○ Chinese businesses in Russia promise to hire more locals and help boost its economy
○ Russian officials are in fact calling for even more Chinese investment
Song, a businessman from Chengdu, Southwest China's Sichuan Province, visited Lake Baikal in Russia's southern Siberia in January of 2016 at the invitation of a friend.
Once there, he not only was impressed by the magnificent landscape but also by the growing number of Chinese tourists arriving there to spend their winter holiday. He immediately saw a business opportunity.
With an initial investment of 80 million yuan (.3 million), Song soon acquired some land at Lake Baikal, where he is presently building four mid-range to upscale lakeside hotels. With a total of 220 rooms and suites in three locations on the lake's island of Olkhon, in the village of Listvyanka and near Baikal Pier, Song's first hotel is scheduled to open this March.
"The market is very promising," Song told the Global Times. "Existing local hotels are sub-standard, and the supply simply can't meet the rising demand."
Song is one of a growing number of Chinese investors who are eyeing the south Siberian tourism industry. But the sudden influx of Chinese tourists and investors, ubiquitous Chinese-language land sale advertisements and an ever-rising number of construction sites are also causing panic among local residents as well as Russian nationalists.
Over 57,000 Russians recently signed an online petition to ban all Chinese from land purchases at Lake Baikal. The petition was addressed to Russian politicians including President Vladimir Putin.
"Already, 10 percent of village land in Listvyanka belongs to the Chinese. If this goes on, then in five to 10 years our old Russian village will inevitably turn into one of the Chinese provinces," reads the sensationally worded petition, written in Russian by a netizen named Julia Ivanets.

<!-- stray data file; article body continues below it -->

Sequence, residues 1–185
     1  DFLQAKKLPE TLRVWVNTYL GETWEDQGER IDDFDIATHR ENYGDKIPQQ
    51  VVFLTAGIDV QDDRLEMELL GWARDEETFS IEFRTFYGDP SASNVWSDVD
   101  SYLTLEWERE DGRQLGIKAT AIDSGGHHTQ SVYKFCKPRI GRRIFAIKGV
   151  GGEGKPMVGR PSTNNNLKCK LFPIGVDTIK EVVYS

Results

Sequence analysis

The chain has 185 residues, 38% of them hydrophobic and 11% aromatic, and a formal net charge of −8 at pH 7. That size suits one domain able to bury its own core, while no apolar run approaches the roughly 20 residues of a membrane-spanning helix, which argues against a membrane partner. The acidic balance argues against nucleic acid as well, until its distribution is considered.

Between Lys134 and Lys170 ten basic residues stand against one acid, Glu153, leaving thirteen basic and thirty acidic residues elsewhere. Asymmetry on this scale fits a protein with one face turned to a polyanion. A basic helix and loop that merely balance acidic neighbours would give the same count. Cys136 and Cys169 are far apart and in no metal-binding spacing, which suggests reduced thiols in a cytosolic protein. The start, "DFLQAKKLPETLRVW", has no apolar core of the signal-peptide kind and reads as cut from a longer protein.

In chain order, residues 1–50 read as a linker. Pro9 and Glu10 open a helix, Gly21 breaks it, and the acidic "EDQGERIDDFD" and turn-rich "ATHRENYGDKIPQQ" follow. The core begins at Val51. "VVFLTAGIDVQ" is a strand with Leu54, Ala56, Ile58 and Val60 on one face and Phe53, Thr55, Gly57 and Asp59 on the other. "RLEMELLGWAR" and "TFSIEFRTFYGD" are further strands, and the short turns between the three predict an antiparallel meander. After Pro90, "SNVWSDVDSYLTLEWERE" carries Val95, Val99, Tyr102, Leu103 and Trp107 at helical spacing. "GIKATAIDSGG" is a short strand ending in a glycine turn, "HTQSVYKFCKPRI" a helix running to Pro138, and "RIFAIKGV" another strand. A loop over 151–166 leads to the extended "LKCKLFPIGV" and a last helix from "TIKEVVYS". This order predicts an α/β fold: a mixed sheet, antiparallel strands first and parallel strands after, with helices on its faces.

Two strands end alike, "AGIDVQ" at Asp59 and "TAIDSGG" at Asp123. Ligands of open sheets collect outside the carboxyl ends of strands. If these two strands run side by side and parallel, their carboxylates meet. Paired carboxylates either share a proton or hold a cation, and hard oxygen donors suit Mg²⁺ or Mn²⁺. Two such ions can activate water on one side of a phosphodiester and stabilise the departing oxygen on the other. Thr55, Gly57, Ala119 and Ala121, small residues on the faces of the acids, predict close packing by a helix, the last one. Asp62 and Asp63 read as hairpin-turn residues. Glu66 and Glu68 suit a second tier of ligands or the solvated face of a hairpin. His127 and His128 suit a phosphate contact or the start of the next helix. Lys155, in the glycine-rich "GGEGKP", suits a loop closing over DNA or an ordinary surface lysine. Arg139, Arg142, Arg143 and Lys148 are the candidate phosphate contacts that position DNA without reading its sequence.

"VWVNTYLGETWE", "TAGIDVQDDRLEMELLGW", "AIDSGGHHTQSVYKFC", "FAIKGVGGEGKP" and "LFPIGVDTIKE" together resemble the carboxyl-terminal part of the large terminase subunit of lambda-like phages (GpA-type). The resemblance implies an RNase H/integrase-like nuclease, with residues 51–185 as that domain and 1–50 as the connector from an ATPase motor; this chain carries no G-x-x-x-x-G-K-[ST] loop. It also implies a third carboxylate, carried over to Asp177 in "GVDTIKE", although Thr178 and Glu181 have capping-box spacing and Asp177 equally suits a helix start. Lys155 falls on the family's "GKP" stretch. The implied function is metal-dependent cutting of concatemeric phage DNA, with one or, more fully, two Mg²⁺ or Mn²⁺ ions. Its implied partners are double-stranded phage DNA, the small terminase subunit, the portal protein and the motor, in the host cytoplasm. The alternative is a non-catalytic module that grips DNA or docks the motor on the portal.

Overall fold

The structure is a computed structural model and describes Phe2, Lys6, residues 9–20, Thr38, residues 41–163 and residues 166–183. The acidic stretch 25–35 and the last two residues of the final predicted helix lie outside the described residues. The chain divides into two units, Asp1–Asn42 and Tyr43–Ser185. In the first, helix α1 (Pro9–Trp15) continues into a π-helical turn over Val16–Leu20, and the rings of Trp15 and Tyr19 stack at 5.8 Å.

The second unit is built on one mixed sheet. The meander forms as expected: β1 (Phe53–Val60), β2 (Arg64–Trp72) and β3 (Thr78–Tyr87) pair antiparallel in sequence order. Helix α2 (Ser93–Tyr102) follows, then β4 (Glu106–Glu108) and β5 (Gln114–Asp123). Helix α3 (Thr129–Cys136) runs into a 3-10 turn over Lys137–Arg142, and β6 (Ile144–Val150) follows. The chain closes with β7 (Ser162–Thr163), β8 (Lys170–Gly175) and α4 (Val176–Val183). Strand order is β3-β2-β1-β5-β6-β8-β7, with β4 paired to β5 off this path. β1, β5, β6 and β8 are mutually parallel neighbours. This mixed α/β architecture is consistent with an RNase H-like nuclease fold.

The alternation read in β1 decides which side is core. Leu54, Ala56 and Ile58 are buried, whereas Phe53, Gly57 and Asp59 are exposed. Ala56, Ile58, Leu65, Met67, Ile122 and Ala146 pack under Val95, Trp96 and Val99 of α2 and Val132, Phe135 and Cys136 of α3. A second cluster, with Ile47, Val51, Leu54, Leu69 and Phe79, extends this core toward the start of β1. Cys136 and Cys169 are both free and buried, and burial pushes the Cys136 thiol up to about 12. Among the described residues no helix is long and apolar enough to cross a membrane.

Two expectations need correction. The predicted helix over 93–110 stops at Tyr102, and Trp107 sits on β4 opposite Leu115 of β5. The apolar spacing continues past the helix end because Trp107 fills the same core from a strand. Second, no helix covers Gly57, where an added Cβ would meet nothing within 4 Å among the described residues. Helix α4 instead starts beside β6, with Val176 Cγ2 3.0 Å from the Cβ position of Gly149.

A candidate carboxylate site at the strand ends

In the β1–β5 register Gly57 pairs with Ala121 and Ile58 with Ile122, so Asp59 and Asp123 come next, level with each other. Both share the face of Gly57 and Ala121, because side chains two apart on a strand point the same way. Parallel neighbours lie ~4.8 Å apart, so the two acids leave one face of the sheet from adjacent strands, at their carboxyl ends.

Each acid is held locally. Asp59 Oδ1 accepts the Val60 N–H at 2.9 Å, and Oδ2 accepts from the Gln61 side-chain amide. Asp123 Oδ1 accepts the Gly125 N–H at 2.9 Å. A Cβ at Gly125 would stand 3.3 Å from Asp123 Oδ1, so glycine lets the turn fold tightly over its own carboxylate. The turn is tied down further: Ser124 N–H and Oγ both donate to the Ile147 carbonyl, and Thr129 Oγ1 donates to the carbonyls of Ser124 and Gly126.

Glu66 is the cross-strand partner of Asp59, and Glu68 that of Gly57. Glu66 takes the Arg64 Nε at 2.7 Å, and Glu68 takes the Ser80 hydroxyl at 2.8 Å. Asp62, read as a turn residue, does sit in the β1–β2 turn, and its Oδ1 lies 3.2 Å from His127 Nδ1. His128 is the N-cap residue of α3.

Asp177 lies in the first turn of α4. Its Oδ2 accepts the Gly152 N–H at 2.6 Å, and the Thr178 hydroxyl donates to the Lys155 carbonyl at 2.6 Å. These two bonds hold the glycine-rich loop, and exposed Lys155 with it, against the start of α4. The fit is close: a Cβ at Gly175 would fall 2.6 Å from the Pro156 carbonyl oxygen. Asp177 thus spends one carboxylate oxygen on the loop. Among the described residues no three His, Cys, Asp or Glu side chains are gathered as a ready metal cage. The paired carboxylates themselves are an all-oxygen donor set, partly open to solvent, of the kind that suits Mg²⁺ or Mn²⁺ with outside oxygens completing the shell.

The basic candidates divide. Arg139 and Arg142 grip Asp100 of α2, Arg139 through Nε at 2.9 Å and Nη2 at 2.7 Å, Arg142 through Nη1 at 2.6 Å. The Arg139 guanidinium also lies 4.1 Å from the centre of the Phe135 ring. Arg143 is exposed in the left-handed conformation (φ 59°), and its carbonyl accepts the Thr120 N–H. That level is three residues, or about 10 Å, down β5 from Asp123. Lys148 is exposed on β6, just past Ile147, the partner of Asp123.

It also complains that many Chinese tour guides tell visitors that Lake Baikal used to be Chinese territory and that now China hopes to re-conquer the area by buying it back.
"We MUST at least think about the future, if we do not want to be conquered!" it concluded, gaining coverage in Russian media, including Moskovsky Komsomolets, a tabloid.
Another article in Moskovsky Komsomolets quoted residents in Listvyanka as saying the Chinese have bought up all the best properties there, especially those facing the lake. Some residents also claimed that Chinese investors fail to respect the local environment by pumping their sewage directly into Lake Baikal.
Rumors and exaggerations
The number of Chinese tourists arriving at Lake Baikal every winter has risen in recent years after a folk love song by singer-songwriter Li Jian, "Baikal Lakeside," became a hit in China back in 2015.
On music app Netease Music, the song, whose lyrics describe the lake as "crystal clear and mysterious," has been listened to millions of times, along with over 40,000 comments from listeners.
Unlike traditional Russian tourism destinations such as Moscow and Saint Petersburg, which attract Chinese tourists with their cultural heritage, revolutionary history and mature tourism infrastructure, Lake Baikal is among the "off the beaten path" options for middle-class Chinese tourists seeking "an adventure."
Only a three-hour flight from Beijing, the region is also more convenient to travel to than Moscow. Last year, over 20 Chinese cities launched direct flights to Irkutsk, the base city for visiting Lake Baikal.